Activate your warranty

August 21st, 2017

My car, probably like yours, came with an owner’s manual, including a warranty on the first page. But frustratingly, the book does not answer a lot of obvious questions. Nor does the warranty cover everything. And it expired years ago anyway.

For my life, on the other hand, for the person I am, there is a manual that does have all the answers. The God who made me and owns me has spelled out complete “user instructions” in his written Word, the Bible.

There we find countless passages guaranteeing how the Maker will stand behind what he has made — in effect, a full unlimited warranty. No exclusions carved out. No mileage limit or end date when the deal is off.

Shepherd and Sheep

One such warranty document is the 23rd Psalm, famously beginning, “The Lord is my shepherd, I shall not want.” Most of us known it since childhood, perhaps even by heart. Its six brief verses may be almost too familiar. But when you take a fresh look at them, what depth and breadth are there.

Try reading it aloud and accenting each first-person pronoun: “I, me, my.” You’ll see how the warranty is uniquely individualized. You’re not just a statistic or a widget off an assembly line. Jesus the Good Shepherd knows you by name. He says so in John 10:3.

As for coverage, wow. Scribbling as fast as I could to list the psalm’s assurances of God watching over us at all times, I spotted over 30 of them in 30 seconds. You can probably find more yourself. Here’s my list:

Provision, protection, rest, refreshment, nourishment, healing, renewal, revival, guidance, restoration, companionship, fellowship, acceptance, affirmation, caring, anointing, blessing, celebration, joy, goodness, mercy, belonging, home, comfort, correction, support, identity, courage, life, shelter, security, warmth, abundance.

To whom does this unlimited warranty apply? Yourself and myself, for starters, no matter who we are.

In my case as a Christian Scientist for the first 40 years of my life, I knew Jesus only as a moral teacher and holy example. To me he wasn’t God the Son, my Savior, the Way, but simply the “way-shower.” Yet even then I was under warranty from him, though mostly unaware of it.

Far Astray

No one, I believe, is excluded from his warranty, as a biblical word study of sheep, shepherd, and the flock will show. But just as with a car, the warranty is of no use until activated. Insisting one is no part of the flock and in no need of rescuing, thank you, stymies everything.

For me it was first necessary to see past the “God’s perfect child” wishful identity pasted on me for so long, and confront my lost, sinful condition as a sheep far astray and mortally endangered. This I stubbornly resisted doing.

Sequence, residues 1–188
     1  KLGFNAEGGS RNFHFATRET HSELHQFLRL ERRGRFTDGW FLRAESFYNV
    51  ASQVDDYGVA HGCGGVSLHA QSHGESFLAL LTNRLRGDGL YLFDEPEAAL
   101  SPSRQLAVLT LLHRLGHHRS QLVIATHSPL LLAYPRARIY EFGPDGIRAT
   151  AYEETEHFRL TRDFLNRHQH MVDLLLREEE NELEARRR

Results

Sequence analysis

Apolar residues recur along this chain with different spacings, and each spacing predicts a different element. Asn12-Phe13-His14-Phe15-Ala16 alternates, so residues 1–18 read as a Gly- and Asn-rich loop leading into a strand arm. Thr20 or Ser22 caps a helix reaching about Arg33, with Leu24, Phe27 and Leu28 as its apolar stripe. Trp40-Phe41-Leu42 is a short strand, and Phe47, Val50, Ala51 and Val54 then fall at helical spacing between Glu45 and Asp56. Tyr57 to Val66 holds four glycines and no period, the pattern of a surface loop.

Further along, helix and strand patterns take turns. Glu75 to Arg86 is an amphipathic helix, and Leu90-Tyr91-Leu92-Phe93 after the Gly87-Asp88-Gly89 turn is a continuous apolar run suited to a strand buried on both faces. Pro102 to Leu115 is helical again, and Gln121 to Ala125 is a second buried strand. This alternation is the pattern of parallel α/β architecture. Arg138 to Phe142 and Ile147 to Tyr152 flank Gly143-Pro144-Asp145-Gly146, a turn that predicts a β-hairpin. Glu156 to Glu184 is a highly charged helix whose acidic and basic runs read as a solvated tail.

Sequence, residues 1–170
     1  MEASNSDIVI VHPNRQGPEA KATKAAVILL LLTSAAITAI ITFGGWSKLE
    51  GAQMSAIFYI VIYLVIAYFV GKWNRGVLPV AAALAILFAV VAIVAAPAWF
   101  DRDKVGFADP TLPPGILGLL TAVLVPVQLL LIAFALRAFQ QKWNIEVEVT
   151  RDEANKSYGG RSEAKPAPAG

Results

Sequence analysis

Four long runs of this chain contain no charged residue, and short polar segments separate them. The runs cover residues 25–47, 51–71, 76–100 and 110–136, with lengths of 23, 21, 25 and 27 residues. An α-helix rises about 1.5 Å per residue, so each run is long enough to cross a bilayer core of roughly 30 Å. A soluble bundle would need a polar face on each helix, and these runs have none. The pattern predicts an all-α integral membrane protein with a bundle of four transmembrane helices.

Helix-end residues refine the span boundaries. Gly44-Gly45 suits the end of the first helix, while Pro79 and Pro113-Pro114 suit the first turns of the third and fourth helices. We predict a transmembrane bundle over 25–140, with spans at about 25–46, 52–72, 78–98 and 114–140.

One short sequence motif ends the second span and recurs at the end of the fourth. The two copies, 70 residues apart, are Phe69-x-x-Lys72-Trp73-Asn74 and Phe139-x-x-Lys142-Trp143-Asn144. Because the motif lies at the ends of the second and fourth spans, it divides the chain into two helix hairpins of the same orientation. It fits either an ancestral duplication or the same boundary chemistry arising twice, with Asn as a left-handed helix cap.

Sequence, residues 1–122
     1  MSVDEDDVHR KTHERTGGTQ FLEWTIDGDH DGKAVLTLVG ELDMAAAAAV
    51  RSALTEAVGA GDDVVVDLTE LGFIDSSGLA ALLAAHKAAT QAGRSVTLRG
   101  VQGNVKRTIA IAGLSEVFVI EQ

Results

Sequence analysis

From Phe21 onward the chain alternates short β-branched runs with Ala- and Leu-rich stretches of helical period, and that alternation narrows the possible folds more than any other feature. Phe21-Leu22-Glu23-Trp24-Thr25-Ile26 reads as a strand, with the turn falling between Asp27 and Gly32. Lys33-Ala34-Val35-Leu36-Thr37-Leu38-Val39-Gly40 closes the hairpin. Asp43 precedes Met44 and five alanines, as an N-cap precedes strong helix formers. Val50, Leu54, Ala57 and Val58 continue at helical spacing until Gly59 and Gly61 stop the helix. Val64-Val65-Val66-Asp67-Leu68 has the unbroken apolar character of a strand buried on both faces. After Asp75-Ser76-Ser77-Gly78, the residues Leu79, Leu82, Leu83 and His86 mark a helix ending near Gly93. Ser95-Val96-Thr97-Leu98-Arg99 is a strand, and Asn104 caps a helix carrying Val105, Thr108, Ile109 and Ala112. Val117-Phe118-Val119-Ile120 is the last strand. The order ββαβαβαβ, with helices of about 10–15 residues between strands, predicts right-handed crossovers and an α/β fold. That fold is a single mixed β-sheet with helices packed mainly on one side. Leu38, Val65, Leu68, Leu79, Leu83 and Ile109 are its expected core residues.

It took a crisis in my faith and in my marriage, recklessly self-induced, to bring about the breakthrough. The abject confession of Psalm 73:22, “So foolish was I, and ignorant; I was as a beast before thee,” said it all for me.

I was finally broken. The shepherd’s relentless dogs had cornered me at last, a story I’ve told elsewhere. (See “Jesus in Pursuit: The Hounding of a Haughty Heart,”, 2016)

Bottom line: Every human being is under the Maker’s divine warranty. Most of us have not fully activated our warranty, however, or have let it lapse. Some have never activated it at all. Whence comes the faith that leads to activation, I leave to the theologians to argue out.

ID Tag

This rescued sheep — sought out and saved under the “God math” whereby 1 is greater than 99 — can only sing my thanks for having been forced at last to activate the Psalm 23 guarantees.

Sheepmen, I was interested to learn, clip a conspicuous pink tag to the ear of each ewe, ram, and lamb so its identity and ownership can’t be doubted. I now keep one of these on my desk as a constant reminder of “whose” I am.

So get into that owner’s manual. Activate your warranty and keep it activated. Consult it daily. Invoke it for every need. And check the mirror often: tag still there?

Note: This post is adapted from my talk at the third national conference of the Fellowship of Former Christian Scientists, held August 4-6 in St. Louis. Photo depicts some of the FFCS leadership. Further information is here.

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